How many times these days do you have problems getting support for a product or service? Tons, I’d guess.
I joined Spotify Premium a week or two ago. The concept is great — being able to have access to more music than is in iTunes and be able to have whatever I want on my iPod (as long as I keep subscribed via the $10 a month subscription).
As I said, the concept is great. Reality? It doesn’t work. I was able to get only one album to sync to my iPod, and then no more music would sync.
Support? I tried every avenue: Google search, their help pages, email help — nothing.
So I’m calling you, Spotify — help or I’ll quit.
(Updates 1. Spotify did respond by email, though their response did not totally solve the problem. and 2. Thanks to a friend, I will maybe be able to get to the root of the problem; see comments.)
A huge contrast is 1and1 web hosting. They are great! Real humans answer the phone, 24/7. I’ve called in a ton of times and almost every time, I get satisfaction. Their rates are also among the best in the business. If you need to host your website or grab a web address of your very own, I’d highly recommend them. (Note that this is an affiliate link; if you click through and sign up, I’ll get a few cents out of the deal.)
This is the very first guest post by Heather, my wife. Yay! (She wrote it back in August.)
It’s 100 degrees this August day in Denver. The school year has started at a time that feels way too early. Our family’s getting cheated out of beautiful days in the mountains, and togetherness around campfires. Summer is not over yet! The narrow window of warm summer mountain days has not closed.
“Busy” has started for everyone but me, and I am alone. What a rare place to find myself. I head rebelliously to the mountains for a hike. I want to see the exotic colors of “the best show of wildflowers in years.” I’m pulled in, determined to soak in the beauty, alone or not. I park and start walking. A short distance later, I leave the forest and the carpet of wildflowers behind and trudge along alpine tundra, passing little springs flowing from melting snowfields. The sun flashes silver and sparkly on an emerald alpine lake. Massive, intimidating and stunningly beautiful peaks surround me on all sides.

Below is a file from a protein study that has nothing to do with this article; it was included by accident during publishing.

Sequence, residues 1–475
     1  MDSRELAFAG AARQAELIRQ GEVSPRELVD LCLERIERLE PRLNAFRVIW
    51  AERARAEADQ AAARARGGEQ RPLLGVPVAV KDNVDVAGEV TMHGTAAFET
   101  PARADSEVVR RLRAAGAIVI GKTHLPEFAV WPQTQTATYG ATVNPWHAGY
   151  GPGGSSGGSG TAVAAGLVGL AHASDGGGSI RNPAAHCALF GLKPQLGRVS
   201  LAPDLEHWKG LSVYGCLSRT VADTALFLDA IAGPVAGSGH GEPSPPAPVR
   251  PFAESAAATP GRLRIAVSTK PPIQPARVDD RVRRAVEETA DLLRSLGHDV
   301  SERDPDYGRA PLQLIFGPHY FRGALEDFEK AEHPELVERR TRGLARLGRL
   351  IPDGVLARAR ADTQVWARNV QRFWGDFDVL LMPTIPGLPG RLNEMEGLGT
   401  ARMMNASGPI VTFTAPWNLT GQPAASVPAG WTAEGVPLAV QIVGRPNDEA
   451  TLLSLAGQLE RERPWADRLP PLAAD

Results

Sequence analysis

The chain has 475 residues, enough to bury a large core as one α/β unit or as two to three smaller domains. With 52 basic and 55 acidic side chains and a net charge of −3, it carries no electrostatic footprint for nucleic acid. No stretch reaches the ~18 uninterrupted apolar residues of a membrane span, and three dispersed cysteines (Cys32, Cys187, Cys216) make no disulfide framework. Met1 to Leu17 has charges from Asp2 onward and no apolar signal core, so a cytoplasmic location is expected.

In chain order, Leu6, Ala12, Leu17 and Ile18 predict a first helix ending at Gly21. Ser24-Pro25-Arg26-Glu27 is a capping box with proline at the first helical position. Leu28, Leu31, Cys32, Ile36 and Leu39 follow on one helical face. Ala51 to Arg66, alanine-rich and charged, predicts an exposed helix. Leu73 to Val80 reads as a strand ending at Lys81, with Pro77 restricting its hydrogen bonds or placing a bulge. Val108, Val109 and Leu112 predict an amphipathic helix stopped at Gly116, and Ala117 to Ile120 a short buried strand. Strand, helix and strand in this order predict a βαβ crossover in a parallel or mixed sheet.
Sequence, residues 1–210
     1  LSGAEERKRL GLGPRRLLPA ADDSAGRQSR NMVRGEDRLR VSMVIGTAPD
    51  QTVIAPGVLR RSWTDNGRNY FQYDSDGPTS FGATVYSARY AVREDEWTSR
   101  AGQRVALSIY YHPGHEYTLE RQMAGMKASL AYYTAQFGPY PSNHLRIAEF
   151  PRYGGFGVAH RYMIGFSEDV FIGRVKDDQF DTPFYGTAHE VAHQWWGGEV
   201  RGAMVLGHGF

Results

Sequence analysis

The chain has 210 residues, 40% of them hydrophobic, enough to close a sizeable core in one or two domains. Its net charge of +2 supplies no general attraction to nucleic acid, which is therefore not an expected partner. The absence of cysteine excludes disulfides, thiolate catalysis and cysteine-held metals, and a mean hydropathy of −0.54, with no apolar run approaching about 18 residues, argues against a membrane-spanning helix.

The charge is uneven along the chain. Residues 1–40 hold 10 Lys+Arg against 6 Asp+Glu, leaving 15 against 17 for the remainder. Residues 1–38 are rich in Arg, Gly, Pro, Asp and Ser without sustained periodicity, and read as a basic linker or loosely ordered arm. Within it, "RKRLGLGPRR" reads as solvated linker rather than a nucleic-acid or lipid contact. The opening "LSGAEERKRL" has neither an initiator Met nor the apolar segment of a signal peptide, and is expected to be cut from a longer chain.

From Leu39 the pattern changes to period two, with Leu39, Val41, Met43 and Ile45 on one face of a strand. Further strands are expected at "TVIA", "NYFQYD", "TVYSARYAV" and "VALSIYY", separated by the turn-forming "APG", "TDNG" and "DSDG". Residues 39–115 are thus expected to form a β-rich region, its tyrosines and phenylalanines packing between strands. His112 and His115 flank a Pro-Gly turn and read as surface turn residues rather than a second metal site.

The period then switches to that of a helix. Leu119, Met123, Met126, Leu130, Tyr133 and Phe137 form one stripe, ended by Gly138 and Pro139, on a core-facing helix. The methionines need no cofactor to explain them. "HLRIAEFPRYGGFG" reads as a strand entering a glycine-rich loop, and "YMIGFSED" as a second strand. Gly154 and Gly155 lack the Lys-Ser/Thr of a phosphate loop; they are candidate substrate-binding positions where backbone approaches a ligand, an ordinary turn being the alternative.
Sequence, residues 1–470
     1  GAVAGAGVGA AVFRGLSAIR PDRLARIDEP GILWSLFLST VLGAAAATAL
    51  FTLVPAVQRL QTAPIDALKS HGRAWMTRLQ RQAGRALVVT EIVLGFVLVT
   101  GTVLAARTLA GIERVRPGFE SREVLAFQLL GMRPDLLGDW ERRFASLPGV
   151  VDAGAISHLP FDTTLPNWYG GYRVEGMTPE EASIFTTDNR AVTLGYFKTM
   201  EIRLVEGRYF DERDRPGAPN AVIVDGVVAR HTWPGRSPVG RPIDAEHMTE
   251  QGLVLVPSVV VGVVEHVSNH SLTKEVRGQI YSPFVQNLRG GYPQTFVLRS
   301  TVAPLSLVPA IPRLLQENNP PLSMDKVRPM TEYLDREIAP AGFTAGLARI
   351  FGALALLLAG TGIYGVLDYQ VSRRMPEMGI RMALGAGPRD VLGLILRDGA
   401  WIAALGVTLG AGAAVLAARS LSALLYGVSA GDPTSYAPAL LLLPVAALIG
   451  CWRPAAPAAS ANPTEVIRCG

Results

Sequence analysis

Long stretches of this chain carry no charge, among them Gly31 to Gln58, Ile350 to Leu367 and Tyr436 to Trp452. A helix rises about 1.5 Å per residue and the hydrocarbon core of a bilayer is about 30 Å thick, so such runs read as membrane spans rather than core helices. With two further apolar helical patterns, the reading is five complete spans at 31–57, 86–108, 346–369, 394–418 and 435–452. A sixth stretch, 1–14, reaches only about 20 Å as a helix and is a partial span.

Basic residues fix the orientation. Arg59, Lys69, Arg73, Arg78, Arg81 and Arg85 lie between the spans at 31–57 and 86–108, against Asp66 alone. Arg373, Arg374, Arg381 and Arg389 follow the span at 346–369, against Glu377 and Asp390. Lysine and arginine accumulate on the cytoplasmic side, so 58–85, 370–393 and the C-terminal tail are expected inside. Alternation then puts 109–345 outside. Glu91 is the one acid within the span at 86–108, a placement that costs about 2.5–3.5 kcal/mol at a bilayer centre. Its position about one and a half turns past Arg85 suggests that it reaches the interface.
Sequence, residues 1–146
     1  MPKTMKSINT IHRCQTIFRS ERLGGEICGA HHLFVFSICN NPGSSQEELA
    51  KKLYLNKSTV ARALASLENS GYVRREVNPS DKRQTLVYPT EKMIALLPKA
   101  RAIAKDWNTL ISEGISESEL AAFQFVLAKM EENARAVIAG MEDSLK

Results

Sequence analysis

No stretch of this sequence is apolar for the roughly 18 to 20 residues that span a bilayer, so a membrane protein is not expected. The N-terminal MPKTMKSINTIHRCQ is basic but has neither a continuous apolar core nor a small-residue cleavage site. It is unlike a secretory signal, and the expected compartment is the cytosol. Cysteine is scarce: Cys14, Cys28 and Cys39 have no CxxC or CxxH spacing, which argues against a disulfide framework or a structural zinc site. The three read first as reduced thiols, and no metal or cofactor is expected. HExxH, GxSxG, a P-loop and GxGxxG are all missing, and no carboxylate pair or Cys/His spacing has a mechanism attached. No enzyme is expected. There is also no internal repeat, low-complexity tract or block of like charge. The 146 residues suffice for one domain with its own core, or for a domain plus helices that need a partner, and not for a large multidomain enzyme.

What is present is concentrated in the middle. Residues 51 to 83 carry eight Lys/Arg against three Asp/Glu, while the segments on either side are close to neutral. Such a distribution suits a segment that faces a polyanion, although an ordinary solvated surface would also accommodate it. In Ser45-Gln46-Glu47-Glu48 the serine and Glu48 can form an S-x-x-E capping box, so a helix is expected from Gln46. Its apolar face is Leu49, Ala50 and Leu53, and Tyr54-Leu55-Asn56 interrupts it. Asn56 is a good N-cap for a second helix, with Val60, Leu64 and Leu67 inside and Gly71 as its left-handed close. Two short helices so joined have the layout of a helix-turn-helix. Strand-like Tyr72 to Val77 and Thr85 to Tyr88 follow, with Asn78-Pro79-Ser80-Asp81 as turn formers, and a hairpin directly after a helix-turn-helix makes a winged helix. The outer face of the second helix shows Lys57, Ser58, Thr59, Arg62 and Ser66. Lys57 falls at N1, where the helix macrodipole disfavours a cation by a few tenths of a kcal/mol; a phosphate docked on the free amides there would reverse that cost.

I am small in the vast silence. I see how big God is. I speak, but no human hears. My voice and footsteps fall like a tiny drop of rain in the ocean, but the sound reassures me. I’m a little scared. I sit, read, and think, letting a fresh breeze blow away the stale and the stuck in my mind. The sun has moved, the clouds are gathering. It’s time to go back down. Things look different going this direction. I feel invigorated and happy. This heart‐pumping day has changed me. Life among mountains always does.
The Opel Corsa is the European version of the USA’s Chevrolet Sonic.
The Corsa (shown) is a great little car. Our family of five did a day trip of 160 kilometers (100 miles) across Belgium and Holland without any problem, in spite of the relatively small size. The feeling of quality was evident in all the controls, how solidly the doors shut and in my general perception of the components being substantial.
The Corsa/Sonic handles well. It was quite comparable to the Ford Fiesta I drove a few days before driving the Corsa.
Sadly, the Sonic has an ugly front end, but it’s still a good car — far better than the Aveo, which it replaces in the Chevrolet line‐up. The Aveo was based on a relatively cheap quality Suzuki.
A huge difference between the car you can buy in Europe and the USA model is more than cosmetic — the European models can be bought with diesel engines. In the 1.3 liter model we rented, I recorded about 43 miles per gallon. According to Opel’s website,* the gas (petrol) model gets about 23% less fuel economy. (And the Sonic will get even less fuel economy than the European gas model.)
I found the power from the small turbodiesel to be more than adequate. We’re not talking sports car territory, but it had more power than our Toyota Corolla, which has an engine that is almost 1.5 times bigger than the Corsa’s.
I’m just sad that American cars don’t get such great small engines — when they are already being made and sold in the rest of the world.
And finally, here is a great article on why America just doesn’t get diesel cars, from Automobile Magazine. (It’s a PDF. And copyright pardons, please. And forgive the poor quality of the scan; I spilled water on the page.)
* Note that this link is to the Vauxhall Corsa, England’s version of the Opel Corsa.